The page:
The bottom line: Don’t think about your digital transformation or technology implementation in terms of technology. Don’t think about it as a process upgrade or the ability to track some interesting data. Think about it in terms of how it will bring your vision to life; how it will innovate your business model and create a whole new value proposition for customers.
Bite small, chew faster
“Implementing technology is not easy and technology people have not made it easier,” Ranga says. “Everybody has a horror story about implementing ERP. It’s just a lot of work and things go wrong, things go south.”
Here’s part of the reason why: “The traditional way these technologies were implemented was like a big bang; you do it all at once. You rip off the Bandaid.”
That strategy just wasn’t working. Seeing the struggle of implementation, technology vendors like NetSuite have learned how to manage the shift to new technology better. Ranga described their protocol as a “bite small, chew faster” method.
NetSuite’s current protocol is based on a stairway, with the intention of taking the customer on a journey, led by the company’s own early adopters and evangelizers who are identified early in the process and champion the journey.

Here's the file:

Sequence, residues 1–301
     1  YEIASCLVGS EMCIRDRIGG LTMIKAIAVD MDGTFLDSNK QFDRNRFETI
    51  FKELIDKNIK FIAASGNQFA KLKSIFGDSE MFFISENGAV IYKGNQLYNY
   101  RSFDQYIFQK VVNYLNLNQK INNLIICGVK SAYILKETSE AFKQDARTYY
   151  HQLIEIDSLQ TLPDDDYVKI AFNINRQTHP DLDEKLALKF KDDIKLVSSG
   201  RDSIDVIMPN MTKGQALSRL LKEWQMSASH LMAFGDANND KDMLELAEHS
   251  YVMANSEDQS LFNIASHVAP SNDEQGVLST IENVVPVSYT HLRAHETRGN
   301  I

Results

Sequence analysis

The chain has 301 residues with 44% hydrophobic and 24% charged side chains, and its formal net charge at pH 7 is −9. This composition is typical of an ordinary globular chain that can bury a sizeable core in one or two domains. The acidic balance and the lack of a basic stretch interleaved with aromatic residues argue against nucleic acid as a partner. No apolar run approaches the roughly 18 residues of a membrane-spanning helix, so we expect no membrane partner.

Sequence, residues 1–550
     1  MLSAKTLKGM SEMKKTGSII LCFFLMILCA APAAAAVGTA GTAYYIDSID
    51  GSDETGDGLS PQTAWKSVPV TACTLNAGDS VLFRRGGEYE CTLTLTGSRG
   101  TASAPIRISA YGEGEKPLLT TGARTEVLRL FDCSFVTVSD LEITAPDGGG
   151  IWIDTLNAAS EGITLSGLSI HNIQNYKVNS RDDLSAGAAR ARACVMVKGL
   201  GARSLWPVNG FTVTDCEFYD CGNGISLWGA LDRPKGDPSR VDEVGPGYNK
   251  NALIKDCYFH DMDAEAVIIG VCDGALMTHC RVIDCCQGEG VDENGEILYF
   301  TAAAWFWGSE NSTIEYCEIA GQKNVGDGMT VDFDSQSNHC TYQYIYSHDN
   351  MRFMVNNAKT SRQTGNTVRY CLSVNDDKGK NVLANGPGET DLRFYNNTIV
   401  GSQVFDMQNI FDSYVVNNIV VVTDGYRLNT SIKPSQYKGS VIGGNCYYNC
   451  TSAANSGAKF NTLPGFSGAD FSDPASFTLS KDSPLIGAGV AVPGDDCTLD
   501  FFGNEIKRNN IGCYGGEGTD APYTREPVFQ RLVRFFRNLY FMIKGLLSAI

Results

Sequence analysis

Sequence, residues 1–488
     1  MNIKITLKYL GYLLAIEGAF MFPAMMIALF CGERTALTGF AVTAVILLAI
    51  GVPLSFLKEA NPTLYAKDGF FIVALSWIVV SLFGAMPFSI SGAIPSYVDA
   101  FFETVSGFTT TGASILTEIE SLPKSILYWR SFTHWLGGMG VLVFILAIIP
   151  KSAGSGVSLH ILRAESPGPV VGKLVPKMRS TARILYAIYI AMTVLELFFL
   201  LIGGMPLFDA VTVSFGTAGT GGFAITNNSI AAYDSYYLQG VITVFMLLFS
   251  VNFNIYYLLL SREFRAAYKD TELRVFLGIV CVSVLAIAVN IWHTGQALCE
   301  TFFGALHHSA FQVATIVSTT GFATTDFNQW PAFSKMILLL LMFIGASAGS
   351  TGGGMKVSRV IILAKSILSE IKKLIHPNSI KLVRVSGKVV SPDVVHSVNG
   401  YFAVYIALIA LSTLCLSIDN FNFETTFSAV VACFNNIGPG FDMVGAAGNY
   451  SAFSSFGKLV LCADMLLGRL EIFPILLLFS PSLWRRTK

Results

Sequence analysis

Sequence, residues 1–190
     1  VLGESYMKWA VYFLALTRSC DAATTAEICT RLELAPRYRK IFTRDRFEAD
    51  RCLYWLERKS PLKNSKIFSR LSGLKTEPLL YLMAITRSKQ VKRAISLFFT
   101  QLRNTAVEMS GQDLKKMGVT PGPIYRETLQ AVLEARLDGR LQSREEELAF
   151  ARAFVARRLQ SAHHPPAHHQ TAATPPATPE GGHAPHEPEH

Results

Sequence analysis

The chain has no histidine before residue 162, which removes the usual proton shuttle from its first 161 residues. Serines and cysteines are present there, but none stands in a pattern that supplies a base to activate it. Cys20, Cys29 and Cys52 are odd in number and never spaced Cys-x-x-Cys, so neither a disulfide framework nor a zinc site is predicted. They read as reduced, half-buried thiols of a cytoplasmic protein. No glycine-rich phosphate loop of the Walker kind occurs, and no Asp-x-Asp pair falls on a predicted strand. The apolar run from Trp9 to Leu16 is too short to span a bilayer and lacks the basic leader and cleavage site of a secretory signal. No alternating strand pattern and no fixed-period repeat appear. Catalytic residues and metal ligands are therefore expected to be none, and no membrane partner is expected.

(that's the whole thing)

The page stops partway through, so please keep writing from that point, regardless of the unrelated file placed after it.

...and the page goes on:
“That journey is going to be different for every customer, but in every case you build those pieces up first and then build on that for each subsequent phase of the stairway,” he says.
For example, customers would start with technology that helps with inventory management, expands into supply chain management and lands with Internet of Things or AI integrations. Each step is manageable based on the company’s comfortability with and utilization of its current tech stack.
This philosophy also firmly fights against the idea of a one-and-done technology upgrade, a “digital transformation” that has a start and end point. That’s just not reality anymore; technology and business moves too quickly. Agile methodologies are gaining in popularity, where short development cycles called “sprints” allow for continuous improvement in major technologies. This means that your digital tools are constantly being tinkered with, honed and upgraded.
If you’re ready to start implementing new technology but you want to do it right — with vision and strategy behind it — or you’re on a digital transformation or technology journey and you’re feeling like the pieces aren’t all fitting, our Innovation Summit can provide you with the framework you need to handle this process in a way that maximizes the impact of your investment and gets your team excited about implementation.
Our summit each year involves conversation around how technology is impacting the business of distribution. This is not a conversation about bits and bytes or feeds and speed (though our Tribe of experienced distribution leaders are always happy to talk tactics between sessions). Through our conversation about becoming an innovative distributor, we look at the trajectory of technology and how it is transforming business — within the context of your future vision, business model, and even culture and value proposition of the future.
Click here to look into it, and click here to download my Distribution is Dead eBook, which includes three simple steps to getting started on the path toward distribution innovation.
Founder | UnleashWD